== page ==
Tlingit Carving

Local Mastercarver Jim Heaton instructs students during the 2005 restoration of the Haines High School Friendship Pole. This huge pole is a much larger reproduction of a pole presented to Steve and Bess Sheldon in 1927.

Tlingit people are artistic by nature and some folks would argue that their fine sense of workmanship and design is best exemplified through the medium of carving. Most Tlingit objects were carved from wood, the most readily available and a highly usable substance. Other materials such as horn, copper and later silver were also decorated with carved and engraved figures.

Worm woman house post from Klukwan, carved before 1800.

The unique design elements or patterns used by traditional Tlingit carvers belong to what has become known as the Northwest Coast form-line style. This style, quite easily recognizable, portrayed creatures from the natural world in varying degrees of realism. Often they were split or fragmented with eyes, joints, fins, feathers or some other easily recognizable feature delineated with broad black form-lines. Traditional colors were a green-blue and red. The form-line style design, present from Yakutat to Washington State has subtle stylistic differences in each region. Tlingit motifs may be classified as Northern Northwest coast Indian art, a distinct style seen from approximately Bella Coola to Yakutat Bay.

"Eclipse," by local Mastercarver Jim Heaton. This piece measures about three feet across, 2011.

At one time Tlingit carving was considered important by the outside world for its ethnological value. However, at the San Francisco Exposition of 1939, and later at a 1941 exhibit at the Museum of Modern Art in New York City, Tlingit carving was displayed as art. Now it is a widely acknowledged art form highly praised by art lovers worldwide. Many modern Tlingit artists continue to carve in the traditional style.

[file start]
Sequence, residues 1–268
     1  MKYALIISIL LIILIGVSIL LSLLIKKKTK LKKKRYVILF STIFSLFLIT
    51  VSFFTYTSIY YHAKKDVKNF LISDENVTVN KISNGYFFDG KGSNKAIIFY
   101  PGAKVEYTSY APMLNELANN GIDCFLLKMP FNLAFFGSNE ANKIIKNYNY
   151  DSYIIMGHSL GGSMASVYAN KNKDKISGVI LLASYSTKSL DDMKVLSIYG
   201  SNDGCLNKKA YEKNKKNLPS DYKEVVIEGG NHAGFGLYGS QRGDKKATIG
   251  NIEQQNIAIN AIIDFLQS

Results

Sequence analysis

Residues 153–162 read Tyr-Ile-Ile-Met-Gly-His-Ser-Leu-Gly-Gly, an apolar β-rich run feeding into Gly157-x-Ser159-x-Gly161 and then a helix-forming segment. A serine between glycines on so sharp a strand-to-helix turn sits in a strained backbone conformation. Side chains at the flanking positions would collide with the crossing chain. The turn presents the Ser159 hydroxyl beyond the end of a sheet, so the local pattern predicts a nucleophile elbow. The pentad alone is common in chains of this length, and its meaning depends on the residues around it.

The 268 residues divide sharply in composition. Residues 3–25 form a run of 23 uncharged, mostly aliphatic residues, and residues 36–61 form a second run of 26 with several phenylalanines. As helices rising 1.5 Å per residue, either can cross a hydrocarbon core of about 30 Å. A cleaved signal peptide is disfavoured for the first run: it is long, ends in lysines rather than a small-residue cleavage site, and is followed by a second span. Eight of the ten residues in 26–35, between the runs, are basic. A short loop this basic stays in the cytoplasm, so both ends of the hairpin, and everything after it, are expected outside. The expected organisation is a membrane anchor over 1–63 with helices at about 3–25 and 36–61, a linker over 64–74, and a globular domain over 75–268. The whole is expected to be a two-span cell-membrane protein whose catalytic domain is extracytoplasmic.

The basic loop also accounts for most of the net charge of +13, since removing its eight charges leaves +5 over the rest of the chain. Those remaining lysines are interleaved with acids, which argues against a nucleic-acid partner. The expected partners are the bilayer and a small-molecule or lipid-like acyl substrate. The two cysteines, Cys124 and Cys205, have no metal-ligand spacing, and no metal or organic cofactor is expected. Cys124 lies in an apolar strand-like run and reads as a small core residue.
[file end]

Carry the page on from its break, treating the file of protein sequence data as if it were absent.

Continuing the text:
Carving Tools and Materials

Adzes came in a variety of sizes. Before the introduction of iron they were made of stone. The adze was used to hew out a form.
Axes were used for splitting wood.
Drills were used for making holes by rotating the point in a piece of wood. The holes were then used for sewing or tying parts of an object together.

Knives with hand-made metal blades.
Before the introduction of metal, knives were made of stone, bone or shell. The many shapes and sizes were made to fit the purpose and the carver’s hand. Carving knives were used for different mediums including wood and metals.
Both red and yellow cedar were highly prized for carving dugout canoes and totemic poles. It split along a straight grain and was thereby valuable for planks. Cottonwood was used for making small dugout canoes. Since it did not transfer taste to food, alder was the preferred wood for carving dishes and utensils. Local birch is used by many contemporary carvers for its lovely grain.
Both goat and sheep horn were carved, usually into handsome feasting spoons.
Gold and silver coins were hammered into shapes and engraved. Copper from the interior was also used for items such as knife blades and Tinnés.

Beautifully carved Raven Rattles, were used for ceremonial purposes by dancing chiefs and shamans.

Tlingit carvers concentrated their most decorative efforts on ceremonial and shamanic art. Staffs, masks and rattles were decorated for potlatch songs and dances and for other rituals such as healing conducted by the shaman. The most lavishly carved eating utensils and bowls were saved for potlatches while those used for everyday meals were simply decorated. Carved bentwood boxes stored food supplies, ceremonial clothing, or were used for cooking by dropping hot stones into a box filled with water. Huge screens, used to divide the living quarters within a house, were ornately carved, often with a family or clan crest.